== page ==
Don't Hold Your Breath
By Pastor Tracey Leslie
Scripture: John 20:19-23
This morning’s scripture is a story of Jesus appearing to his disciples in the span of time between his resurrection and his return to heaven. As I said last week, these “appearance stories” were of critical importance in the early Church. After all, Jesus made some pretty lofty claims about himself – especially in John’s gospel – and if he hadn’t risen from the dead, he’d have been nothing more than a wise teacher (at best) or a delusional crackpot (at worst). But this morning’s scripture goes beyond testimony to Jesus’ resurrection. It is also a story about the Church; the Church as the locus of Jesus’ ongoing presence and authority here on earth; an authority that includes the forgiveness or retention of sin.
Now it might make us uncomfortable to hear Jesus tell his disciples that they have the authority to forgive or retain people’s sins. After all, we have other gospel passages – say the Sermon on the Mount in Matthew – which sound quite different. In that Sermon, Jesus warns against judging others[i] and promotes an indiscriminate forgiveness saying, “if you forgive others their trespasses, your heavenly Father will also forgive you; but if you do not forgive others, neither will your Father forgive your trespasses.”[ii] So how are we to interpret this morning’s troubling statement by our resurrected Lord that his disciples have been granted the authority to either forgive or retain the sins of others? Well, in order to understand what Jesus is saying, we need first to understand how sin is defined in the gospel of John. In John, sin is all about our responsiveness to Jesus.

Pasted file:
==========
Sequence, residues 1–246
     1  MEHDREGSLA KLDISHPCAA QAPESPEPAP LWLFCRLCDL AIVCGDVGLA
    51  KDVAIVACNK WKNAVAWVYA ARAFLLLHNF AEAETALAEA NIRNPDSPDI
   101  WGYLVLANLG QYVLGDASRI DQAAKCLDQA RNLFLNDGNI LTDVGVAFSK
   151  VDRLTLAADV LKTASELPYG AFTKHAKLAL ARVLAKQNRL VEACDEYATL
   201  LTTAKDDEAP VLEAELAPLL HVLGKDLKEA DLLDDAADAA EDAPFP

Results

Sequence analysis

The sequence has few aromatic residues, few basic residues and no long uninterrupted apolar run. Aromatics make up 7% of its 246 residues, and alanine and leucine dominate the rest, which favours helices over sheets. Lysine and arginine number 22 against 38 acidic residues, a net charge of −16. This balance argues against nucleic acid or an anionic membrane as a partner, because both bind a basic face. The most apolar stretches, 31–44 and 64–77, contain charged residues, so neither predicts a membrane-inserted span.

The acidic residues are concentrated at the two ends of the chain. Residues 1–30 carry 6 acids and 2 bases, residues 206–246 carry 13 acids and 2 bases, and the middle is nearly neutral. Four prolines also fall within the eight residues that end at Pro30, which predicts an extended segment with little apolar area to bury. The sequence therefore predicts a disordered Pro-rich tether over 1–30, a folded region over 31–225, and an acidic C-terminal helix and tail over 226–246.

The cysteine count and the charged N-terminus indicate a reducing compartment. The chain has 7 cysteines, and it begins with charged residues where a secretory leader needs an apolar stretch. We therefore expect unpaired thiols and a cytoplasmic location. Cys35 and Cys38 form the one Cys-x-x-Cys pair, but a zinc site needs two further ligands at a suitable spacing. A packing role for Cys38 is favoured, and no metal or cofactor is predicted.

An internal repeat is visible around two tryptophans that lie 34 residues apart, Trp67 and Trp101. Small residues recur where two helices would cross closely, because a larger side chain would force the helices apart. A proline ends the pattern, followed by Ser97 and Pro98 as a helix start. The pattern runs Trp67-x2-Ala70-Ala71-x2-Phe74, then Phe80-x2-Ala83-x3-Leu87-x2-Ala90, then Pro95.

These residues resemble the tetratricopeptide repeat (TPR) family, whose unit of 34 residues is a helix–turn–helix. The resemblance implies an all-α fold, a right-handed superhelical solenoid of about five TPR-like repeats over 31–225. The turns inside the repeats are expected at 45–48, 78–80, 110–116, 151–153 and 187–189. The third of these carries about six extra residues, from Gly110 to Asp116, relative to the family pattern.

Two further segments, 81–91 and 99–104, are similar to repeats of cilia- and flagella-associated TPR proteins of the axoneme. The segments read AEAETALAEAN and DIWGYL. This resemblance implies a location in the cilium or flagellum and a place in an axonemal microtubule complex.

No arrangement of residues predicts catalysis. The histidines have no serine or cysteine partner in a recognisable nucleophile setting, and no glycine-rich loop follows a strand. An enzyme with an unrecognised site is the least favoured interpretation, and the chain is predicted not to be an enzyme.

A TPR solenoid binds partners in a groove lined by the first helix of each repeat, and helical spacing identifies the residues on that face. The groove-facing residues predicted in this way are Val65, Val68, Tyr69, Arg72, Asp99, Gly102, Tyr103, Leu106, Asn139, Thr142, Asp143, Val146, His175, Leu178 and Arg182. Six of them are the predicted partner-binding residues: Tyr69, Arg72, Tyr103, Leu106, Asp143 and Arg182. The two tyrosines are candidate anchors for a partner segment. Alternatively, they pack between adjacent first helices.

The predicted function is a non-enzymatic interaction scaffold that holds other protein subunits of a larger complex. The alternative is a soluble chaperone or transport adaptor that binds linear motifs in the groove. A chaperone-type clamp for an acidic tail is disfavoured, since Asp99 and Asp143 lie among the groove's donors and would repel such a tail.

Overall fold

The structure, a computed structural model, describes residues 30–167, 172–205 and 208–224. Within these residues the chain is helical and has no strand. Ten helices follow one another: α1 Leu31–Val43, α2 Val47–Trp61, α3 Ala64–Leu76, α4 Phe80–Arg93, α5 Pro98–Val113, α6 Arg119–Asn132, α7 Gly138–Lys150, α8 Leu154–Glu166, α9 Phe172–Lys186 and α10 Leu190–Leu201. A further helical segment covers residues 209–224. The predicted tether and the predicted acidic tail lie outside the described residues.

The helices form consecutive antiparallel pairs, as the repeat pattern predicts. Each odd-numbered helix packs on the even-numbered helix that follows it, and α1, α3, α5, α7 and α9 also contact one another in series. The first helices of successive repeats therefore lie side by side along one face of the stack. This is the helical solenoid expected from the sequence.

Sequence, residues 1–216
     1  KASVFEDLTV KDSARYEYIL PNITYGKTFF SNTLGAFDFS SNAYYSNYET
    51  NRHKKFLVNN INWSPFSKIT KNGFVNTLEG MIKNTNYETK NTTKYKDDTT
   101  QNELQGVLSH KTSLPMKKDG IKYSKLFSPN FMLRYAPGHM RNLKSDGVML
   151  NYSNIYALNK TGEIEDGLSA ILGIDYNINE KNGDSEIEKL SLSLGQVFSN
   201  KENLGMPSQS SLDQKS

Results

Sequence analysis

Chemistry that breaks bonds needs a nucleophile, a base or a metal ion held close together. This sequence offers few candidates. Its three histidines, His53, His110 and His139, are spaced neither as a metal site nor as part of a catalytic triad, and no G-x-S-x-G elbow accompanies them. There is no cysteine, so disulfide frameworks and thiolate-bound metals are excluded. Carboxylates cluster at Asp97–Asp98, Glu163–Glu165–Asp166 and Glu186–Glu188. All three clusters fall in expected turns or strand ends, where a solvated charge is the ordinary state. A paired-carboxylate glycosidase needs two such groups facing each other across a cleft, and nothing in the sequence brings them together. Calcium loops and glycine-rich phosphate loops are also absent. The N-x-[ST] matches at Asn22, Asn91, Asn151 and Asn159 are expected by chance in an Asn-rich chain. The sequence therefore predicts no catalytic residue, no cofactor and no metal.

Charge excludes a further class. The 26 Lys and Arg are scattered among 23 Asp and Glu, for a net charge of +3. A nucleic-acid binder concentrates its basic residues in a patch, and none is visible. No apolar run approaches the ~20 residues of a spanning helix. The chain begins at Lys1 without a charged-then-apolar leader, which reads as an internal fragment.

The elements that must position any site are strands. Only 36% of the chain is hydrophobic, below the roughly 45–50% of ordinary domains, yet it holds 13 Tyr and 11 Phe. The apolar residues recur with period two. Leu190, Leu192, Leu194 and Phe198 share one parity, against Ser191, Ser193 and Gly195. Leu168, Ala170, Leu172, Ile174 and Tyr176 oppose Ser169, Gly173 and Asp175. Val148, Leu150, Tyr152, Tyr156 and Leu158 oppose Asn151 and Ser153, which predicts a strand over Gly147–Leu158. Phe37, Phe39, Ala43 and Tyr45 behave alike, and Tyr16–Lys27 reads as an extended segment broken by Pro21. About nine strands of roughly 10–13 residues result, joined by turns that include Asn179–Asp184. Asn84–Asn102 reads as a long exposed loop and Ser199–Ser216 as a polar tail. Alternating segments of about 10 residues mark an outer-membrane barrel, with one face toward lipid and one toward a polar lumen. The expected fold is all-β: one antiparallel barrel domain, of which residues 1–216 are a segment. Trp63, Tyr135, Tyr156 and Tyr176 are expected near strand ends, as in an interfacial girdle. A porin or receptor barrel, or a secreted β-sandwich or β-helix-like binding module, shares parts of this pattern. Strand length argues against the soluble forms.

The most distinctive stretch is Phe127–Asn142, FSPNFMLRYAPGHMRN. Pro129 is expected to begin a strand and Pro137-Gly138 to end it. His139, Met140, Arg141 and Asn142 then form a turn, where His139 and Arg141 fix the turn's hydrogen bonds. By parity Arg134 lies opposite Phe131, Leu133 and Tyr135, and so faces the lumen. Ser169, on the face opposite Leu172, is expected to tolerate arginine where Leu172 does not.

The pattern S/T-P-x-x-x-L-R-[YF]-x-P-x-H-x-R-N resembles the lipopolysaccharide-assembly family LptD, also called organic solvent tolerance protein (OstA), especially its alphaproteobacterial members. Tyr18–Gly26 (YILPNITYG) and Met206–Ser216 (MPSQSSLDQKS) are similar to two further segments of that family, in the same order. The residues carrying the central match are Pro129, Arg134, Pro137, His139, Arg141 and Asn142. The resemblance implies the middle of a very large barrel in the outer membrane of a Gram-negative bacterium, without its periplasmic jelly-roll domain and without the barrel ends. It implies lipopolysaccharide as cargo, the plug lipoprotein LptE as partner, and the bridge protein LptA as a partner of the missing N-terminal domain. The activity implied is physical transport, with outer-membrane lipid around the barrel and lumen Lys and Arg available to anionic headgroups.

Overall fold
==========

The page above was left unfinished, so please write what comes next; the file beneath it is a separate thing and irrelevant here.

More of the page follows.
Nowhere in the gospel is this made clearer than in the story of Jesus healing the man born blind.[iii] That story begins with Jesus’ disciples inquiring if sin was the cause of the man’s blindness. Jesus refutes that popular assumption. The story continues to explore the topic of sin when the man healed is brought before the religious leaders for interrogation. Some Pharisees see this as an open and shut case; Jesus must be a sinner because he performed the work of healing on a Sabbath. Initially, the Pharisees are divided in their assessment of the situation. But ultimately, they chose to condemn Jesus and the man as sinners and the man formerly blind is excommunicated from the synagogue. The story concludes with Jesus finding the man, and within earshot of the Pharisees, pronouncing that their unwillingness to accept the sign of this man’s healing as proof of who Jesus is; well, their hardened hearts, their spiritual blindness, that is sin; a sin that will be retained. They have made an informed and purposeful decision to reject Jesus. And that, in John, is the meaning of sin. Sin in John’s gospel isn’t about breaking an Old Testament commandment; after all, Jesus did do work on the Sabbath; a clear “no no.” But sin, according to John, is about our response to the revelation of Jesus because Jesus is the revelation of God. He is God’s eternal Word.[iv] He and the heavenly Father are one in the same.[v] God sent Jesus, his Son, into the world so that we might see and understand God and God’s love for us. If we are blessed with the opportunity to experience Jesus for ourselves and, having done so, we choose to reject Jesus, then we have chosen to live in sin and darkness. Out of love, God sent his Son into the world – not because God wanted to judge and condemn us; but because God wanted to save us and offer us eternal life. “For God so loved the world that he gave his only Son, so that everyone who believes in him may not perish but may have eternal life. Indeed, God did not send the Son into the world to condemn the world, but in order that the world might be saved through him.”[vi]